It seems to me that most of the harms that come from these drugs are related to what happens when an individual’s access to them is restricted, rather than from the drugs themselves, as seems to be the case with certain substances. I work, I pay taxes, and I really don’t care if my neighbor happens to enjoy taking drugs. I also feel that, in fact, if she is in pain and needs a drug that some people happen to like taking in order to function, then I don’t think that she should be denied a comfortable life, just in case she might be enjoying it. It isn’t right for us to force our agendas on others, and good diet and enough exercise just isn’t enough for people in severe pain. If the government and FDA were to afford addicts access to cheap, legal, clean drugs of known purity, we also would not have to be so afraid of them robbing us in order to afford them. I simply cannot understand what it is that has made so many people so prejudiced and hateful towards individuals who wish to use drugs, especially given that most using these particular drugs got started because of legitimate pain. Live and let live. Let’s do what we can to make our communities safer for those who are not intentionally harming their bodies, and leave those who are alone for the sake of keeping our streets safe-ish and our tax payments lower.
Why are more people not seeing this upsurge in drug abuse (I frankly don’t think that it’s really that much of an upsurge, just that Americans don’t really care about minorities, and this particular drug usage trend happens to be visible in the suburbs.) and calling for a more sensible public policy? Must we find ourselves offended, should our neighbor enjoy ANYTHING we feel is wrong, or dirty, or offensive – even if said act harms none but himself? We’re adults, it’s time we act like it, and stop voting for those who’d wish to play the bully shoving dirt clods in the faces of the nerds who’d rather read than play football – because what they like is different than what we like and thus scary and offensive.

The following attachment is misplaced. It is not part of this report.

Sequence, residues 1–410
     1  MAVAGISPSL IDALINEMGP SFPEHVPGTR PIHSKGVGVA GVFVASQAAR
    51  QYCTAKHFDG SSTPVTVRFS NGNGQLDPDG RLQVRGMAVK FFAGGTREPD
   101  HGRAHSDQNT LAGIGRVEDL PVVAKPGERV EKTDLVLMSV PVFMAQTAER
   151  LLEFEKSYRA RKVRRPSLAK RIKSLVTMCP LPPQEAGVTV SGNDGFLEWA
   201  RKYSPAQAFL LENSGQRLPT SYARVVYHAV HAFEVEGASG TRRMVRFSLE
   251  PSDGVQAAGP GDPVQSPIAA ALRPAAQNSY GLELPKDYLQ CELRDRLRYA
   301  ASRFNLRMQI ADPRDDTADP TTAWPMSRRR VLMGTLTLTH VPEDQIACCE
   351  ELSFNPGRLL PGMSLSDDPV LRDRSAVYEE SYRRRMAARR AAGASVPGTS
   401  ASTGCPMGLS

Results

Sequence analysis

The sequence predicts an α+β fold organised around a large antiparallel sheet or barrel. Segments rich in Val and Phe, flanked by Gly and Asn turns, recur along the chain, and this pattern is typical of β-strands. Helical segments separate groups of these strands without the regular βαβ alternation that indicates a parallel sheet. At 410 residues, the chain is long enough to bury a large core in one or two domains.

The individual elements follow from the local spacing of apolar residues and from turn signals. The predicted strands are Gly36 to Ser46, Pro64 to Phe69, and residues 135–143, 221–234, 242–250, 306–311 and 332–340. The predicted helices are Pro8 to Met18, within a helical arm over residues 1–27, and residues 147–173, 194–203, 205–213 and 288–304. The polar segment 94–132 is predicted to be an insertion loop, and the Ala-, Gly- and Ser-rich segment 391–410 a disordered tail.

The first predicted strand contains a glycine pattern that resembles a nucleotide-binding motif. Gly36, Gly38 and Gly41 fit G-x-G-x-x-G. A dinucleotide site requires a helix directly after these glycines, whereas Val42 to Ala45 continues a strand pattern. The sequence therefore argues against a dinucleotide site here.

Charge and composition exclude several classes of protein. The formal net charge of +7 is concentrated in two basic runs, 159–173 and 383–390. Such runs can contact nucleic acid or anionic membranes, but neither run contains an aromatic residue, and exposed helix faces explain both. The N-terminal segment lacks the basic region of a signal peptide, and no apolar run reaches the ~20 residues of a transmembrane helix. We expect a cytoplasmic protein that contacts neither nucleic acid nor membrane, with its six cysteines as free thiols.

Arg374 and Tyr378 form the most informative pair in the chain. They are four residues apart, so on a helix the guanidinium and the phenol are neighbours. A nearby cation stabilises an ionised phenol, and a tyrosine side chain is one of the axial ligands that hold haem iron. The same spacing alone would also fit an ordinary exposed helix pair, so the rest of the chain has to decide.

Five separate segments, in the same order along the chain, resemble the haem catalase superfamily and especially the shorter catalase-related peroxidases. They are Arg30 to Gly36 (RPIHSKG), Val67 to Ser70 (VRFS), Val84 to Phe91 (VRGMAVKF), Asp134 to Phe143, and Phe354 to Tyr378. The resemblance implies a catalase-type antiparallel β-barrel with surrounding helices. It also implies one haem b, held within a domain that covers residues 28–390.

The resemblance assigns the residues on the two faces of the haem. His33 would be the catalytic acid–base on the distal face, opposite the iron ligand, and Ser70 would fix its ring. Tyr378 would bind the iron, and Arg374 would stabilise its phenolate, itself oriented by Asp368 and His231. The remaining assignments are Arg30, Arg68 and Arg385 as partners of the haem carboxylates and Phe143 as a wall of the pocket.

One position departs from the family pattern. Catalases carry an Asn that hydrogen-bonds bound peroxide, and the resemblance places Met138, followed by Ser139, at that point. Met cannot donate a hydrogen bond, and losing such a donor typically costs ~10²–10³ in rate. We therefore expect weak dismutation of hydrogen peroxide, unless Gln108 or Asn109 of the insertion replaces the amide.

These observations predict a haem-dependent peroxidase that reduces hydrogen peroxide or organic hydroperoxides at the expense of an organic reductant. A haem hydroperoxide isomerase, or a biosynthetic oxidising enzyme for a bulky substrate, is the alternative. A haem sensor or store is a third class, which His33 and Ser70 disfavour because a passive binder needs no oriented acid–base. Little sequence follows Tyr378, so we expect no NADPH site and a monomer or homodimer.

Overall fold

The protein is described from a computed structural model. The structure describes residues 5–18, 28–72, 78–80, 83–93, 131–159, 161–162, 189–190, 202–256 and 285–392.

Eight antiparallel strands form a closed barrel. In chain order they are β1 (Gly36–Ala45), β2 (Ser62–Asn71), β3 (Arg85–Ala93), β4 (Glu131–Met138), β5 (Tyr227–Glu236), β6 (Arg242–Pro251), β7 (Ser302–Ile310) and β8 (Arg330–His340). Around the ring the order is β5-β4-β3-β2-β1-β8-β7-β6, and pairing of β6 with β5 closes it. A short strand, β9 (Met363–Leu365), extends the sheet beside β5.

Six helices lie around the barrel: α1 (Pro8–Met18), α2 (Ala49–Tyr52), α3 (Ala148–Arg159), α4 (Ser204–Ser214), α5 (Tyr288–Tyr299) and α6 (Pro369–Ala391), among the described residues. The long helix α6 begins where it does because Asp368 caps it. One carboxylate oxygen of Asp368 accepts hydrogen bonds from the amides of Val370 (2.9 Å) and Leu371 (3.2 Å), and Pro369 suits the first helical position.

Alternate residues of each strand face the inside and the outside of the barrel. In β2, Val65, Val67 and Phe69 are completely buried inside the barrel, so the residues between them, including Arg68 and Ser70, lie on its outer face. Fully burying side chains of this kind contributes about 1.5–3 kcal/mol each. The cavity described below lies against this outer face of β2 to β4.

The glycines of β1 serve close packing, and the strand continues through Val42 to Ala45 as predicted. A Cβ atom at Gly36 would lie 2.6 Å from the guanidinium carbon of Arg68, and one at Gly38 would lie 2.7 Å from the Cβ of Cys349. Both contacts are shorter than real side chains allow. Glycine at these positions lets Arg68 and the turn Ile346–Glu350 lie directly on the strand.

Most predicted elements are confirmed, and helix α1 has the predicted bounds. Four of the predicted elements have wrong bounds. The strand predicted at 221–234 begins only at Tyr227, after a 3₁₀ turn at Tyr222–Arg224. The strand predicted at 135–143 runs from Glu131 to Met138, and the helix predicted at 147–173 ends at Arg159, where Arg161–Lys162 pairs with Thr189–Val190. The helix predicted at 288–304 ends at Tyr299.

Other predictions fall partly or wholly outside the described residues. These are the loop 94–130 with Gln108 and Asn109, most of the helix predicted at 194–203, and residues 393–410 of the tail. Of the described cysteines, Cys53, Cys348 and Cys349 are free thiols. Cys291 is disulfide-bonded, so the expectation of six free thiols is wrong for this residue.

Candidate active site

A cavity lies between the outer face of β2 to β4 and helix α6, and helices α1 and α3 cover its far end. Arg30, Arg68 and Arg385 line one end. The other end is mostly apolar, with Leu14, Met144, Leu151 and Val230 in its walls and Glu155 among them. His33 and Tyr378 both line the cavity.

When I read this post, I couldn’t help but think of Dr. Campbell McBride’s comment in her book about how many kids with gut disbyosis grow up to have addictions to drugs and or alcohol. The constant ingestions of drugs, just makes this worse. it’s a vicious cycle.
This post is so sad. I had surgery on my toe a few years ago, and part of the bone was removed. I was in serious pain! I was prescribed Vicodin, and was so thankful to have it the first few days. I knew the risk of addiction though, and after about 4 days (before the bottle was empty) I switched to Ibuprofen for a few days, then stopped taking anything. I found the partial bottle of Vicodin in my medicine cabinet a few years later and finally threw it away.
My husband is the same way. He had surgery for a hernia last fall, and was prescribed hydrocodone. There is still a half bottle in the medicine cabinet that needs to be tossed.
Despite a few health issues in the past, we are both prescription free and plan to stay that way! I agree with a previous comment: real food nutrition and healing is the only way to go.
I was on long-term pain relief therapy after multiple, bungled knee surgeries in the 1970s. I went several times a year to a pain clinic where my pain levels were monitored, extensive counseling took place and alternative therapies were tried. In the twelve months before embarking on a real food diet, I wore a TENS machine, applied novocaine transdermal patches, took three prescriptions (including Vicodin), practiced biofeedback, had acupuncture, walked with a cane bent over like an old woman and was daily in so much pain I rarely left the house. Within a year of taking fermented cod liver oil, drinking raw milk, eating fermented foods daily and cutting back on grains, I set aside my cane and was able to cut back on all my other pain control therapies drastically.
Two years later, I’m walking for exercise (something the doctors said I’d never be able to do), gardening, swimming, have permanently “misplaced” my cane and have let the Vicodin prescription lapse. Food made the difference for me when medical science failed me. I only wish I’d known thirty years ago.
Peggy, it’s always better late than never. Congratulations on reclaiming your life and the health you deserve! It takes some out of the box thinking to do what you’ve done which is not always easy to accomplish. Well done!
My mom is currently taking vicoden for the pain she experienced after having two teeth pulled (they were in terrible shape). She’s not the addictive type, but you article once again shows the importance of trying to stay away from Big Pharma and conventional medicine and instead relying on natural remedies and real food. After two days my mom noticed the vicoden wasn’t working anymore so I made her a cup of tea of chamomile and dandelion root. She said it helped a little.
My dad has a legitimate back injury that causes him chronic, excruciating pain. His insurance company won’t pay for his pain killers (which he hates taking, but must in order to function) unless he goes twice a year for what basically amounts to torture. They jab his damaged nerves with needles to prove that he isn’t faking his pain. It is awful, and it is absolutely the fault of prescription pain med addicts.